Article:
In the event you or a loved one knocks out a tooth because of some type of trauma, there are some things you should do right away. If the tooth has been avulsed completely and the root is not fractured, keep it moist. The cells on the root of the tooth should not be allowed to dry out or they will die.
It was once common to suggest placing the tooth in milk until a dentist could be consulted, and doing so is far preferable to allowing the tooth to dry out. However, milk is not readily available all the time and using such introduces proteins, fats, milk sugars and the like onto the root surface. Commercially prepared kits to preserve knocked out teeth are available and any good sports medicine first aid kit should contain such. If, however, nothing is available, place the tooth into the cheek so saliva can continue to moisten and bathe the tooth. Better yet, if the root is not visibly dirty, try returning the tooth to the socket itself, that is if the socket is not distorted or crushed and it is not too painful.
You should contact your dentist for a tooth avulsion so that the tooth may be returned to the socket and stabilized in some manner. Often, such teeth will reattached into the socket and continue to serve the patient. Avulsed teeth, however, have had their blood supply to the pulp broken and as such, the inner soft pulp of the tooth will die. An avulsed tooth that is re-implanted into the jaw must have root canal or endodontic therapy completed on it. Typically this will be done once the tooth is stabilized for a time and the attachment reforms. Some dentists will perform endodontic therapy on a tooth while outside of the mouth--keeping it moist all the while--and then return the tooth to the mouth.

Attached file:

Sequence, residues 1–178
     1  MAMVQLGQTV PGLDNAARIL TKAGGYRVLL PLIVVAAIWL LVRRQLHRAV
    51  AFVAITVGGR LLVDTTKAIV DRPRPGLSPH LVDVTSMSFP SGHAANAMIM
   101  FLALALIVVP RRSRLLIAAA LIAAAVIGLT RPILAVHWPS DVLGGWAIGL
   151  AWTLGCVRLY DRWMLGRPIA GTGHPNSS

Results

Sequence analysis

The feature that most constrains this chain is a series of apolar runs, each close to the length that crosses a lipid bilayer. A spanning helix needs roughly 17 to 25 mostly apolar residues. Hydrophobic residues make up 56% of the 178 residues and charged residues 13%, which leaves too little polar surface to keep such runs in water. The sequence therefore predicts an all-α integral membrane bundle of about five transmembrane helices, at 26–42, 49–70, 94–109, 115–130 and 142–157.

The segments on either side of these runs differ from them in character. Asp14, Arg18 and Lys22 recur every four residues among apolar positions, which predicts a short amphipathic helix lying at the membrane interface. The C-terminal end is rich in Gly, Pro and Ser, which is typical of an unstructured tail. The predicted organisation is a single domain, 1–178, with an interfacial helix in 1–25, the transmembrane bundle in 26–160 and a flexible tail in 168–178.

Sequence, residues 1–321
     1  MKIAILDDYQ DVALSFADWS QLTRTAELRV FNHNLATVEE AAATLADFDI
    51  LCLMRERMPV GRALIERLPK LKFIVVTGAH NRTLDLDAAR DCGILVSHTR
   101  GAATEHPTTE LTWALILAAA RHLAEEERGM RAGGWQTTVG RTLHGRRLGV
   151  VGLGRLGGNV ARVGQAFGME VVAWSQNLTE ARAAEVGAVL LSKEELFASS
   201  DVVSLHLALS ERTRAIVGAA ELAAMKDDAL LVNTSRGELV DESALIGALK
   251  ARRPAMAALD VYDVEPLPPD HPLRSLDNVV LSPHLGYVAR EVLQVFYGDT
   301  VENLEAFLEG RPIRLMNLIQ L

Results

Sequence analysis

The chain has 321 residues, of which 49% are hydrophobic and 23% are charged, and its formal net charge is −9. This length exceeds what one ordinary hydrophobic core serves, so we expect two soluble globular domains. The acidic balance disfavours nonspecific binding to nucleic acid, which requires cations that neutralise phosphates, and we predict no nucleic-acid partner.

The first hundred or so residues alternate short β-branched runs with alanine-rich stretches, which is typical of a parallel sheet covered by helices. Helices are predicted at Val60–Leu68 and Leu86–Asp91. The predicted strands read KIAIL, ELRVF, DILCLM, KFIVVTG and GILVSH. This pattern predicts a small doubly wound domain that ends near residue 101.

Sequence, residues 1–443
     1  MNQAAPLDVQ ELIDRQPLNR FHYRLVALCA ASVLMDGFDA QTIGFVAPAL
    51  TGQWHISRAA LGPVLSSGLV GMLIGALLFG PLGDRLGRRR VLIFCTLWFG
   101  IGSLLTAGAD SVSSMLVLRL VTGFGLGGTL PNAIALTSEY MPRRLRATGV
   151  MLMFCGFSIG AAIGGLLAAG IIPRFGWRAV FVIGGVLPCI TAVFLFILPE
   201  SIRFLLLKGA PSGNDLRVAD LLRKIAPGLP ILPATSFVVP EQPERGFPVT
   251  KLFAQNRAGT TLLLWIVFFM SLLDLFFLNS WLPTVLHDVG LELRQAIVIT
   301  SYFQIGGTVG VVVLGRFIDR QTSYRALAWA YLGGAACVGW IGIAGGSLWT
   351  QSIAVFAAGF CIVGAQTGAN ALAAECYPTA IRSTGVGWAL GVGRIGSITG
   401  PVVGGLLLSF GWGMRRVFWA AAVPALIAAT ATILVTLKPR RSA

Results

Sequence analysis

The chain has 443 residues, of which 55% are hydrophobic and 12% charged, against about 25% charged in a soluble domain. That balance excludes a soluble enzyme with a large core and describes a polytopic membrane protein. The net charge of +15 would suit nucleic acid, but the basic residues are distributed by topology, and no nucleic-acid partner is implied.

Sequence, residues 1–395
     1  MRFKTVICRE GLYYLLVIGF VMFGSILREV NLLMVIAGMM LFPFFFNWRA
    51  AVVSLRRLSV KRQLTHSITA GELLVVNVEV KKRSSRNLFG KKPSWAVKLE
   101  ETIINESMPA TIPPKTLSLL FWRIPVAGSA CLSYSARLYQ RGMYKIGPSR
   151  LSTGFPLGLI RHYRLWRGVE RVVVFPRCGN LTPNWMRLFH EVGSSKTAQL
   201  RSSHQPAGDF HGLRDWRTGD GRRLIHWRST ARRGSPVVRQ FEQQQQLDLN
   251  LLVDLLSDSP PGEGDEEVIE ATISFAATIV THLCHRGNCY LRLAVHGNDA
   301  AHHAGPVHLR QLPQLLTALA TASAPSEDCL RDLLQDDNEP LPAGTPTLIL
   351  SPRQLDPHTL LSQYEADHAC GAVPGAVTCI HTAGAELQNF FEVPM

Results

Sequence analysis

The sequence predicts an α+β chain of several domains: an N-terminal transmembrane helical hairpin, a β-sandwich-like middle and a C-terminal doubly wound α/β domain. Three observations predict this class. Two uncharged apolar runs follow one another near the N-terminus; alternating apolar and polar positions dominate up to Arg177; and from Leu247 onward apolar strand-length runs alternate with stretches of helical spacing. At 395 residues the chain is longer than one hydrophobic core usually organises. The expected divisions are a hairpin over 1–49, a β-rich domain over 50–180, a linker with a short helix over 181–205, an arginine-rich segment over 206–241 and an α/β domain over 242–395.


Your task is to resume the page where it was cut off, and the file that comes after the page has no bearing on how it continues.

It is important that when a tooth is re-implanted, that the tooth itself is stabilized in such a fashion that it has just a slight amount of movement to it or the tooth is more likely to ankylose. Often this means some wiring of the arch or even some orthodontic brackets. Ankylosis occurs when a tooth and the surrounding bone becomes one. This unfortunate situation can cause the root of the tooth to be resorbed by bone cells--eventually leading to the loss of the tooth.
Timely and proper treatment for a tooth avulsion is important to long-term success in retaining the tooth. While there is no guarantee than a tooth can be saved, once its knocked out, good success with re-implantation of teeth is common.